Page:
As the opioid epidemic continues across America, medication-assisted therapies, like buprenorphine or naltrexone, have been highlighted as an important tool. However, a new study indicates that the number of young people with opioid use disorder who actually receive these medications remains low, although it has increased since 2001.
As the opioid epidemic continues across America, medication-assisted therapies like buprenorphine or naltrexone have been highlighted as an important tool. However, a new study indicates that the number of young people with opioid use disorder (OUD) who actually receive these medications remains low, although it has increased since 2001.
Buprenorphine and naltrexone are medications that affect opioid receptors, making relapse and overdose less likely. Although they have demonstrated their efficacy, there is little evidence to indicate how many young Americans with OUD are receiving these therapies, according to the study published in JAMA Pediatrics.
Researchers used a large claims database to identify youths aged 13 to 25 years who had been diagnosed with OUD between 2001 and 2014. They then used pharmacy claims to identify those who had received buprenorphine or naltrexone within 6 months of the diagnosis, representing the main outcome of interest. They also collected data on covariates like sex, age, race/ethnicity, and the educational and poverty levels of one’s neighborhood.
During the study period, just over one-fourth (26.8%) of the youth with OUD had received either drug within 6 months of their first diagnosis. Overall, this proportion had increased over time, as the rate escalated from 3% in 2002 to its peak at 31.8% in 2009, before declining slightly to 27.5% by 2014.
The researchers also found that the odds of receiving buprenorphine relative to naltrexone increased from 2002 (when the FDA approved the former) to 2010, but the approval of intramuscular extended-release naltrexone in that year was associated with increasing odds of receiving naltrexone relative to buprenorphine, a pattern that persisted from 2010 through 2014.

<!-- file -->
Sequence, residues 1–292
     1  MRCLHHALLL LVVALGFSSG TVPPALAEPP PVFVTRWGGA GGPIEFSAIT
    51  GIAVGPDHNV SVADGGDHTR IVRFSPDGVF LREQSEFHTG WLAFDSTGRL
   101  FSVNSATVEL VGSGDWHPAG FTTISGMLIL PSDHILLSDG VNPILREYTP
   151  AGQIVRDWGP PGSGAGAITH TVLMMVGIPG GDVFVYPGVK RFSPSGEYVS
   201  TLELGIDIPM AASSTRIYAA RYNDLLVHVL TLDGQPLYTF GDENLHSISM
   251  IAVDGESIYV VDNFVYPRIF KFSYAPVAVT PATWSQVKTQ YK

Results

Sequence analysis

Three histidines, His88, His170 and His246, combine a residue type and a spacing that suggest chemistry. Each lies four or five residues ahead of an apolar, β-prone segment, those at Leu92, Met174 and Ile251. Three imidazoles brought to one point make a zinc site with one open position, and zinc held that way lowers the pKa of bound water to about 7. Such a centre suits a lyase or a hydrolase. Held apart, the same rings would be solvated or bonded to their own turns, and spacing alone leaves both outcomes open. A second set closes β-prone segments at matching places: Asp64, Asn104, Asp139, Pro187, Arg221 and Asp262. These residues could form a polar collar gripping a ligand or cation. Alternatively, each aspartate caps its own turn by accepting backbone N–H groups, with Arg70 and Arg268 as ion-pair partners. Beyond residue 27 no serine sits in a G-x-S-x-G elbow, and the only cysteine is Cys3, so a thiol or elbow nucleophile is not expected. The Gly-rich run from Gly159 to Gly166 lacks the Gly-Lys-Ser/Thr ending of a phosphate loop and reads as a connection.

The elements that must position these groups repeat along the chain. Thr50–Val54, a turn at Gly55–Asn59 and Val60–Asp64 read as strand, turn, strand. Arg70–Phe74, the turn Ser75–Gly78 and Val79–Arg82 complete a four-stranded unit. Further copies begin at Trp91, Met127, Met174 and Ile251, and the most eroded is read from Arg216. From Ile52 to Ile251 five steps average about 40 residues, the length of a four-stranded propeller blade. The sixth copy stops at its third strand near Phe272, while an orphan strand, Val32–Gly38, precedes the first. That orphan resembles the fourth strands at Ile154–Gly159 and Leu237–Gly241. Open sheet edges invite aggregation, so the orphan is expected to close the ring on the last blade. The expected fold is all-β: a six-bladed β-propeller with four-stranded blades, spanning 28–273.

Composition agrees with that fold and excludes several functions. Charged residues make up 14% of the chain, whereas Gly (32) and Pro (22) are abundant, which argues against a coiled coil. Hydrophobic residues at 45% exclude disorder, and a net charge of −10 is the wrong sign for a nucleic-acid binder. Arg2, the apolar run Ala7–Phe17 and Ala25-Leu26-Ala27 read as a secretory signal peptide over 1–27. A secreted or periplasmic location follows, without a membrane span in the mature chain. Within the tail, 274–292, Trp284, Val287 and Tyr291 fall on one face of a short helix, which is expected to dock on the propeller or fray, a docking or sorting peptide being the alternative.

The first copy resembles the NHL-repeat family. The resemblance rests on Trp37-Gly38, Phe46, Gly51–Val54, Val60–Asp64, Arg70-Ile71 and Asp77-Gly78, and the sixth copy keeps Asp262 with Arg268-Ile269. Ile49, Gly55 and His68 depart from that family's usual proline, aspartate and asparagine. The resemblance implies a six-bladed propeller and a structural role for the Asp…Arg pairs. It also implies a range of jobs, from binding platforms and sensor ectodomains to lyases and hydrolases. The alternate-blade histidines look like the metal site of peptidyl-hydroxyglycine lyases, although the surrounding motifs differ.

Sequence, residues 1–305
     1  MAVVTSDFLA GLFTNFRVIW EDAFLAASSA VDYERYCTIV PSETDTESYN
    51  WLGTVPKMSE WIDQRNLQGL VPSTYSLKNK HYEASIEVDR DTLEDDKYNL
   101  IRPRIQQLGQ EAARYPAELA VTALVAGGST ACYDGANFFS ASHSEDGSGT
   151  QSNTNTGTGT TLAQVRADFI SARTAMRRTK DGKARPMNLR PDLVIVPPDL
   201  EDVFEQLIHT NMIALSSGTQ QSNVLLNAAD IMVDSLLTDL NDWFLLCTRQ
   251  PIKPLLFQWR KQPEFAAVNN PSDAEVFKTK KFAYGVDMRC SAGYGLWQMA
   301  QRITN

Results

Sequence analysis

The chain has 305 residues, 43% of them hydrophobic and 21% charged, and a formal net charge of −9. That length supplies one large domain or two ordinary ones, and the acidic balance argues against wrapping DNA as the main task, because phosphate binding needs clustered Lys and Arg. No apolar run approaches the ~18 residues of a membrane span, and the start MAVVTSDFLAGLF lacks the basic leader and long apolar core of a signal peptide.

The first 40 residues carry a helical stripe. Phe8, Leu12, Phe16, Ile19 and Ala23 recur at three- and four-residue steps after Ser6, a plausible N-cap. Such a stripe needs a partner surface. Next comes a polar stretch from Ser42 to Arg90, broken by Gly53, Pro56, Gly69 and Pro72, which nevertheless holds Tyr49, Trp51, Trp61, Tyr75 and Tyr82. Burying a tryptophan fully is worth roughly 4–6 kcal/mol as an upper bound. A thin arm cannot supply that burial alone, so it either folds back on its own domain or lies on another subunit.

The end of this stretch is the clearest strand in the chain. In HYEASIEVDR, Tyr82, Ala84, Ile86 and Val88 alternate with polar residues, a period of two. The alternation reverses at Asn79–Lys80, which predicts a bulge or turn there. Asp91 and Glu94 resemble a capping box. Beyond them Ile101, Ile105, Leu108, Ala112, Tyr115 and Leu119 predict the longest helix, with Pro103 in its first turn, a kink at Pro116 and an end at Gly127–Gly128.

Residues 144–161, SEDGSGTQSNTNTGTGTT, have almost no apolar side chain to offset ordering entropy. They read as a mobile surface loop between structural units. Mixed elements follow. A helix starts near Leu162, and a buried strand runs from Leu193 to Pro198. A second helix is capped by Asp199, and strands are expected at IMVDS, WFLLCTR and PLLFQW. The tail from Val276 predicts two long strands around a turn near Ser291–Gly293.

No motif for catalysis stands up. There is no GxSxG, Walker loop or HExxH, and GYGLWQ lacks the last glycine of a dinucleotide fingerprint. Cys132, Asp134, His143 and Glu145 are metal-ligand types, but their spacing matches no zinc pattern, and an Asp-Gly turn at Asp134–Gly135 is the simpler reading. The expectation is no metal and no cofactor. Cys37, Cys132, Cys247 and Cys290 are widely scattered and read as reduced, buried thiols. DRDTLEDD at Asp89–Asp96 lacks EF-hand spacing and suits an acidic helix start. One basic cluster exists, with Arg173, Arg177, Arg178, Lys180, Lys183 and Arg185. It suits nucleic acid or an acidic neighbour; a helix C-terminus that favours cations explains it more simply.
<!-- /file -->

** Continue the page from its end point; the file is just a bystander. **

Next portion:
There were several sociodemographic disparities in the receipt of buprenorphine or naltrexone among youth with OUD. For instance, males were more likely to receive these drugs than females (28.7% vs 23.1%), and the likelihood of receiving the drugs increased for older age groups. Black and Hispanic youth were significantly less likely to receive the medications than their white counterparts (18.1% and 23.4%, respectively, vs 27.1%).
Buprenorphine was more commonly administered compared with naltrexone, as it accounted for 89.2% of prescriptions. However, some populations were more likely to receive one medication instead of the other; younger or female patients were more likely to receive naltrexone, as well as those living in metropolitan areas or neighborhoods with higher educational levels or lower poverty levels.
The low rates of receiving buprenorphine or naltrexone among youth with OUD were described by the study authors as “revealing a potentially critical treatment gap,” which they suggested may have been due to the sharply rising incidence of OUD diagnoses as well as gains in insurance coverage among young adults.
“Since most youth with OUD do not receive medications in a timely manner, strategies to improve access to evidence-based treatment for adolescents are needed,” the researchers wrote. Greater knowledge of and training for these therapy options among physicians and pediatricians is essential so these primary care clinicians can help ease the burden on the scarce pediatric addiction subspecialists.
“In the face of a worsening opioid crisis in the United States, strategies to expand the use of pharmacotherapy for adolescents and young adults are greatly needed, and special care is warranted to ensure equitable access for all affected youth to avoid exacerbating health disparities,” the study concluded.